If the request for more information is minor, and fully met, approval can be granted out of session.

If the request for more information is significant, approval can be granted only by the HREC.

In planning your research, you should allow 4-6 months from the time you start to prepare a submission, to gaining approval. Carefully prepared submissions, with a thoughtful consideration of the ethical considerations required, are more likely to be approved quickly.

If you disagree with the decision of the ethics committee 

If you disagree with either the decision of the HREC, or with the comments provided, please discuss this with the Research Governance & Ethics Officer. If this does not resolve the issue to your satisfaction, please escalate this to the HREC Chair.

We ask that you don’t speak directly with individual committee members, who are bound by confidentiality agreements and can only discuss an application outside of the meeting with the express permission of the committee.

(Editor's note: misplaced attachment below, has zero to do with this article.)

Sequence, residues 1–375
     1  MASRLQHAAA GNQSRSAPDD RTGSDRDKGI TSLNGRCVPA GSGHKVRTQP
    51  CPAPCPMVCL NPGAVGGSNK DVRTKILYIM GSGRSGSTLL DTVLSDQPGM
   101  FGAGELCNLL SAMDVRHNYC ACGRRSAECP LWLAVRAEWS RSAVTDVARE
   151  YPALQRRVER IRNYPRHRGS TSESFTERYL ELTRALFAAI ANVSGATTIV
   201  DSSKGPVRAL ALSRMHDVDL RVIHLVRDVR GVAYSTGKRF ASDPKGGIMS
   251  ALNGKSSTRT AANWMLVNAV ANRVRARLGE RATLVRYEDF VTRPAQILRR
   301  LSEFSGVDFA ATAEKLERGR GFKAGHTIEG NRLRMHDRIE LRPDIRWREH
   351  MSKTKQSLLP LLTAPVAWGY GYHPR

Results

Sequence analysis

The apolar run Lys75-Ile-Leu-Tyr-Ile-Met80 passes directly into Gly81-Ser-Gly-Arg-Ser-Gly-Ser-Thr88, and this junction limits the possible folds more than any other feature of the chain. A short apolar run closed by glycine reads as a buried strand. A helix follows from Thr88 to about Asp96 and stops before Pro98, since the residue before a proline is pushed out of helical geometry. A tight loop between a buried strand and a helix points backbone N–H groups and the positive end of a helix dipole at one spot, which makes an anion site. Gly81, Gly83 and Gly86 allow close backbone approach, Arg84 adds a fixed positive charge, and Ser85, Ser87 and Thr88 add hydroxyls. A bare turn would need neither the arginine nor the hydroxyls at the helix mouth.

Step 2: AH&MRC Ethics Committee review

Research involving Aboriginal people and communities will require review and approval by the Ethics Committee of the Aboriginal Health & Medical Research Council (AH&MRC), which is a properly constituted ethics committee registered with the National Health and Medical Research Council. Note that the Justice Health HREC considers that all research involving people in custody in NSW will involve at least some Aboriginal people.

The AH&MRC Ethics Committee seeks to ensure that research is conducted in an ethical and culturally appropriate manner. This means that there is community consultation at all levels, and that the project has been designed with the relevant Aboriginal community.

Please follow the link to the AH&MRC. That organisation uses its own forms and processes.

AH&MRC Ethics Committee approval can be sought concurrently with Justice Health HREC approval (Step 1).


Step 3: Assess whether other approvals or necessary

You will need to assess whether your research needs other approvals. In addition to Network's processes, research studies may also require review by other groups including:

Researchers are encouraged to seek advice from the relevant organisations regarding review and approval processes that apply to each study.

Applications may be reviewed concurrently via different processes. However, all required approvals must be obtained prior to site-specific authorisation, enabling the commencement of research at any Network sites.